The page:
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Kansas State Board of Agriculture
First Biennial Report


Dakota — Fossils




The fossils of the Dakota group consist of a few marine mollusks, some few remains of fish and Saurians, but it is more particularly noted for its dicotyledonous plants. The Molluscoe are rare, having been found in a few localities only. Two of these are in the western part of Saline county, in the vincinity of Bavaria, and another is in the western portion of Clay county. On one of these spots, covering not over two acres, we procured twelve species, new to science, and described by Prof. F. B. Meek in U. S. Geological Survey, Hayden, 1870, pp. 297-313.

A few fish and one Saurian (Hyposaurus vebbii*) have been found in this group.

* Vide Cope's "Cretaceous Vertebrata," p. 17, where this specimen is incorrectly stated to be from the Niobrara. Brookville, the locality there named, is clearly on the Dakota.

Of the fish, the most interesting is the Pelocarapis varius, Cope, an ally of the flying fish, found near the dividing line between the Dakota and Ft. Hays.

But it is in its fossil flora, represented largely by dicotyledonous leaves, that the Dakota claims the attention of the student of nature. Prof. Lesquereaux, our greatest American fossil botanist, has devoted to this flora most careful and valuable study. In his Cretaceous Flora, and other publications connected with Prof. Hayden's geological survey, he has given us the results of many years' study, to which we refer the reader. Prof. L. says: "The plants of the Dakota group, as known mostly by detached leaves, are striking, by the beauty, the elegance, the variety of their forms and of their size. In all this they are fully comparable to those of any geological epoch, as well as those of our time."*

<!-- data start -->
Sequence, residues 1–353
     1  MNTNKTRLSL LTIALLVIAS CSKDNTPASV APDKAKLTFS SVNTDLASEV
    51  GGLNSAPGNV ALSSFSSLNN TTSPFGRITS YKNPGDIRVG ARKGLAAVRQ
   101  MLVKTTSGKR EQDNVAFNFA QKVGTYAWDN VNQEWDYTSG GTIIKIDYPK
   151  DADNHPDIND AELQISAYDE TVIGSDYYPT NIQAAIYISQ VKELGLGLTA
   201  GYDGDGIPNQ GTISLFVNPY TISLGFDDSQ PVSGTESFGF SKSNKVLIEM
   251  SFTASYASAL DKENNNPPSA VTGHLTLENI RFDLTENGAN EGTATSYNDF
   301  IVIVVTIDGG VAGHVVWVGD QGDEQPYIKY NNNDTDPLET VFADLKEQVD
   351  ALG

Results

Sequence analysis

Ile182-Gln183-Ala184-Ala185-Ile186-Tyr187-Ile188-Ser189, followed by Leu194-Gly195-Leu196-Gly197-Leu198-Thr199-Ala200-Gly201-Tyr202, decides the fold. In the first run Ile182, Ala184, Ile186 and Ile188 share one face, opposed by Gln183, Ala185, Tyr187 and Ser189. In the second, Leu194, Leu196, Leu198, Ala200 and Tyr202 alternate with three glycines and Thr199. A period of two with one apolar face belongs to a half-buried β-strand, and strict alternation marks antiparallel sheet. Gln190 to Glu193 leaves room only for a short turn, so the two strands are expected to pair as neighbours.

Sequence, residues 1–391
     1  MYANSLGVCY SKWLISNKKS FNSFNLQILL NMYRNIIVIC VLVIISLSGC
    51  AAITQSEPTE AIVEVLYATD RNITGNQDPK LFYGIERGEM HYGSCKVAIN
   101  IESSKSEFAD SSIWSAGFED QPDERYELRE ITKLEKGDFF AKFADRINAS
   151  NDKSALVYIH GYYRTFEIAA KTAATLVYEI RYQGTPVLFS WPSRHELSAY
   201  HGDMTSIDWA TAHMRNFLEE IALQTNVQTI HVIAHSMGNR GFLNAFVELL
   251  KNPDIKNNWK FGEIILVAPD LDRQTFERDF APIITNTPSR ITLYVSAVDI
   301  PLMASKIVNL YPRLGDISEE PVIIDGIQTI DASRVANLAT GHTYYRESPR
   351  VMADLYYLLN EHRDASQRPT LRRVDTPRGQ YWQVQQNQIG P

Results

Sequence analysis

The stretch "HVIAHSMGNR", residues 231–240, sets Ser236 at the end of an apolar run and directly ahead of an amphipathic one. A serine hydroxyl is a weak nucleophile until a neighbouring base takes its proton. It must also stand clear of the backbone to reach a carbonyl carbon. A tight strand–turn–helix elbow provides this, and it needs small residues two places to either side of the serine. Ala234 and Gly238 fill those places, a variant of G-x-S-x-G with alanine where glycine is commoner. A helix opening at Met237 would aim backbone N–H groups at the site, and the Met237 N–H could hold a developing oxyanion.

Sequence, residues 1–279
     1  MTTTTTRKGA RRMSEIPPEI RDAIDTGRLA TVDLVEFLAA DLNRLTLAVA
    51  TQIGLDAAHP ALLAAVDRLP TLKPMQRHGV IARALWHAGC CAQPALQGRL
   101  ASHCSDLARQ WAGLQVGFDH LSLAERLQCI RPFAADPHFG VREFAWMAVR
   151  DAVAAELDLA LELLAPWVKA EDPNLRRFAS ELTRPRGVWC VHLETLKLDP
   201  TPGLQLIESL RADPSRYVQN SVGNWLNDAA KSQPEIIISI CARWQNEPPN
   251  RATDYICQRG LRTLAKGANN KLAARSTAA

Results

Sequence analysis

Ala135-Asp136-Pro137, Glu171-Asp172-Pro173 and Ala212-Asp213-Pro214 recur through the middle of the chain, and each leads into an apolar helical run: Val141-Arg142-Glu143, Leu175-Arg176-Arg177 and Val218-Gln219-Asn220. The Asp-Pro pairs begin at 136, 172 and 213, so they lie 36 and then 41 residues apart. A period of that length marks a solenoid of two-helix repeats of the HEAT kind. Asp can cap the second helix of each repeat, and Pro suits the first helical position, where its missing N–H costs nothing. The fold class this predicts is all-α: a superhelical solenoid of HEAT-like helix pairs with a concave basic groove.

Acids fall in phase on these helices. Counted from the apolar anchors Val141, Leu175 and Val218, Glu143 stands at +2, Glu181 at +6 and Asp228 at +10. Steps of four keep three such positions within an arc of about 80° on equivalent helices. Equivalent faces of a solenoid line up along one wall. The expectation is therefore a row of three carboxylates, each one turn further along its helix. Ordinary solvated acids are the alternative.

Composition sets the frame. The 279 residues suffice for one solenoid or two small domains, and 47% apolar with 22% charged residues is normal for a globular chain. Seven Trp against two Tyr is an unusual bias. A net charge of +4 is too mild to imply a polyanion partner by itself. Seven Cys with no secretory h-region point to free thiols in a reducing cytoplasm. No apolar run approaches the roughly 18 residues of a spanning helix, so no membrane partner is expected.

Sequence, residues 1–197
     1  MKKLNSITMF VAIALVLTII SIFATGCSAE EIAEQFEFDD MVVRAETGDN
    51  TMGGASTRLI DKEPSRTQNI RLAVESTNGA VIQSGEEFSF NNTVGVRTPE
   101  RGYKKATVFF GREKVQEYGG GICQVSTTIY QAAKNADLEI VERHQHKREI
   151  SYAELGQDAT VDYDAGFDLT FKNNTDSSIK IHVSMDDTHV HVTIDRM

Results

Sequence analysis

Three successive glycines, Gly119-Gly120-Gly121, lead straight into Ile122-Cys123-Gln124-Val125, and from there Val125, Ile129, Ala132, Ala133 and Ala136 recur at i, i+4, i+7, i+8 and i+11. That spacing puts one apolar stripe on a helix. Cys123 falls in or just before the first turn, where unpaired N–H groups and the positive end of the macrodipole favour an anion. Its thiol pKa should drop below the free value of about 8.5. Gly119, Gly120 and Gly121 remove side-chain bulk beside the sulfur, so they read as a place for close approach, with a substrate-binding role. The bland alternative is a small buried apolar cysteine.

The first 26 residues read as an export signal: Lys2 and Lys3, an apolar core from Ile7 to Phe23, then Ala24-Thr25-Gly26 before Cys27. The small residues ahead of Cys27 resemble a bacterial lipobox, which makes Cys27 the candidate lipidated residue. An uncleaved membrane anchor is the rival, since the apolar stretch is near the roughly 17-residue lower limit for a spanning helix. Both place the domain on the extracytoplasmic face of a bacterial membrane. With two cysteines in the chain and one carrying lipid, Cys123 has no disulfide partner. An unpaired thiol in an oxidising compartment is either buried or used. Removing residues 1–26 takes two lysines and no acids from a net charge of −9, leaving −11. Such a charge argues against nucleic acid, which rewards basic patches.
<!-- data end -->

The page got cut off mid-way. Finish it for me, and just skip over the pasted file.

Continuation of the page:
The fossil flora is almost entirely represented by leaves, though a few specimens of fruit, imperfectly preserved, have been collected; also some poor specimens of wood and bark. The leaves, however, are usually in excellent preservation, the veins and veinlets as they lie imprinted on the stone being frequently as clearly visible, in all their outlines, as those just taken from the living tree. Among these fossils are thirteen specimens of conifers and one palm. The latter is the oldest known, being found lower down geologically than any other. I discovered it in the northwest corner of Marion county. It is a Sabal, or the same genus as the Palmetto of South Carolina.

Among the conifers are a pine and four species of the celebrated gigantic redwoods (Sequoia) of California, and one is closely related to those trees. In examining fossil leaves we have frequently inspected every visible outcrop for fifteen or twenty miles without finding a specimen ; then perhaps a single square mile would present several good localities. In this irrgeular manner we have collected specimens from Washington county to Ft. Larned, a distance of one hundred and fifty miles.

The fossil plants are usually obtained from thin layers and strata, extending in a horizontal position along a ravine or around a hill. They may occur at several places in the same vicinity, but usually without any connection. They are found at all depths in the Dakota, from within thirty-five feet of the Permian to within forty feet of the Ft. Benton shales. The numerous indications show that the trees must have grown on islands near the shore line, and that the leaves were imbedded in the marine sediment immediately after dropping. Worm borings are also found in the same strata with the leaves.

The contrast between this fossil flora and the plants of the older formation is very strong, while its resemblance to those now living is equally remarkable. The interest attached to this numerous variety of modern plants is enhanced by the fact that in the earlier formation no dicotyledons are found, the conifers which come down from the Devonian age being the highest type. But in our Dakota, and in the corresponding age in Europe, we have a sudden influx of a new type covering nearly all the forms now living. These are "the first known of the great modern group of Angiosperms and the ordinary fruit trees of the temperate zones, distributable not in a single one but in all the essential groups of vegetables living at one time."*